Rainer Ganahl is a conceptual artist and lover of Marxist theory, who works in mediums ranging from film to political Manifesto. He often records and makes objects of events like educational seminars, Marxist fashion shows and imitation of the life of writer Alfred Jarry. Simultaneously student and teacher, his work portrays the intersections of politics, education, language, class, history and fashion. His artistic practice is never solitary, but rather relies on collaboration and group involvement to draw connections between audience and performer, brand and consumer. Ganahl has published numerous books including Reading Karl MarxOrtssprache—Local LanguageEducational Complex, and Please, Write Your Opinions of U.S. Politics. His work has been featured in zingmagazine five times including Basic Russian (Issue 2), seminars/lectures (s/l) (Issue 15), Iraq Dialogs (Issue 19), and FONTANAGANAHL—Concept of Rage: 1960s/2010s (Issue 23). I spoke with him about his project Hermes-Marx, which is featured in Issue 24 and resides at Dikeou Pop-Up: Colfax in Denver, Colorado. In our correspondence via email, Ganahl exclaimed “MY ENGLISH SUCKS”, which really isn’t true: Rainer Ganahl writes with an elegant fire.

Interview by Liana Woodward


How did you first become interested in the works of Karl Marx?

As a teenager I came across Karl Marx’s early writings published in German in a beautiful light blue hardcover volume that was handy and lovely. His thinking changed my life thought. His writing has little to do with what he [eventually] came to signify, but rather with historical materialism as a philosophical position in regard to religion, to society, and to work.


How can we understand the art world, and the creation of art objects, through a lens of historical materialism? Where does Marx’s political philosophy intersect with art?

The short and cynical, but truth-carrying answer would be a classical one: follow the money. A more melodic or pastoral one could be: go with the pleasures and anxieties of people. The drives and truth-techniques that they develop to domesticate, cultivate, or differentiate their senses and what-have-yous. People are creatures who create and depend on tools to handle their imaginings, ghosts, fire and fears, to fight off enemies, hunger and cold, to produce pleasure and excess, fun and abundance, to fill in the gaps between misery and disease, shortage and lack.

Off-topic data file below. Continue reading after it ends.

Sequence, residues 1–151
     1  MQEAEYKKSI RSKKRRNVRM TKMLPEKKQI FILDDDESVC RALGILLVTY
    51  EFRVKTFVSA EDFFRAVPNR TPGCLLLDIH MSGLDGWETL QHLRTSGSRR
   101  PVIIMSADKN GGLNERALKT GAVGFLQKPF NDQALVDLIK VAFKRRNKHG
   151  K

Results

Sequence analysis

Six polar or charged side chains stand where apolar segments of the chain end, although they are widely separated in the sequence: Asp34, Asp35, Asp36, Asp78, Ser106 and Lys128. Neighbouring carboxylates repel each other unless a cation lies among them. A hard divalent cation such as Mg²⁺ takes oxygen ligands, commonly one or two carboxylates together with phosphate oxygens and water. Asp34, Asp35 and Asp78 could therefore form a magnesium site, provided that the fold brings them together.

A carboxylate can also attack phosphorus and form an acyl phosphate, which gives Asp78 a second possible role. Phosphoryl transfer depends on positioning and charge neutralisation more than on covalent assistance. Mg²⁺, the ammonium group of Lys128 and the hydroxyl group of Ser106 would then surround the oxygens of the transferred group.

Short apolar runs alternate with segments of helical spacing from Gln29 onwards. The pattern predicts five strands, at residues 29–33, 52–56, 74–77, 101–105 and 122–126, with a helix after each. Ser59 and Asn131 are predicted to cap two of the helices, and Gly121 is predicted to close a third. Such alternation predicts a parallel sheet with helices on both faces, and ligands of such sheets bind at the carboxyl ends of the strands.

I tell my kids that stories are made by women and men, not by some god. Ghosts and gods are nothing but stories we use to deal with fears and desires of bad and good monsters, beauty and fairies, power and its opposite, gain and abundance. In the realm of storytelling and demonstrative silence (organized noise or haptic enjoyment for the ears and eyes) we approach what later will be commodified as art.

That is Marx for pre-K and kindergarten and can produce satisfaction and arguments until graduation with curators and wealth managers, portfolio geeks, and speculators. Hence, Marx for red points and red tapes, for high heels, private jets and Basel or Hong Kong free-port storage access. Marx is really the pre-inventor of the Swiss Army Knife for philosophy and polyglot money. Viva Marx.


Speaking of money, can you talk a bit about how your project Hermes Marx? By silk-screening your own Marxist imagery onto the scarves you are in some way destroying their value as high-end exchange commodities. Is there some intrinsic or artistic value that you add to the scarves?

Well, as an artist I have to assign artistic value to my art works. If I don’t do it nobody else does. So yes, I do assign my ‘destruction’ or my ‘intervention’ a precondition to render a consumer object into my art. I acknowledge that the classical exchange value of the Hermes scarf is wasted with my design silk-screened over the original foulard but by doing so, I defend it as my proposed art work.


How do you think the magazine format changes how Hermes Marx is perceived by the viewer? Do you think the image of the object holds the same power or value that the actual object does?

No, it is not the same at all—but some art works photograph better than others and therefor what you see is not what you get—it’s either better or worse but both legitimate.


The scarves that you used for Hermes Marx have designs related to colonialism. How do the symbols and words you silk screened onto the scarves interact with that imagery?

There are two words I don’t change: HERMES MARX in reference to the corporate reference of the French foulard Hermes Paris. I consider the name Marx to signify an attempt to envision, demand, claim, enact, and fight for a larger more even kind of justice that is not only defined and reserved for the powerful and privileged. So all I did was exchange PARIS, the capital of the 19th century and French-speaking colonialism, with the name of a German philosopher who presented the world with the most radical ideas of justice of his time. Let me also point out that Marxism came with the symbol of the overlay of a hammer and sickle and the fist which is a part of the design that I print over the original French silk scarves.


Is there something in particular about Hermes Paris as a company that made you want to use their products for this project? Why not some other well-known designer?

Hermes belongs to one of the most prestigious fashion and accessory houses. They are know for making everything themselves including the production of silk and the colors that enter the product. It is truly beautiful and not necessarily cheap which makes if more coveted and impermeable to sales and other price dumping. Somehow they seemed to anachronistic even in the way they run their family biz and I think the company is still largely controlled by the family. I myself collect these foulards and truly love them.


-Liana Woodward, July 2016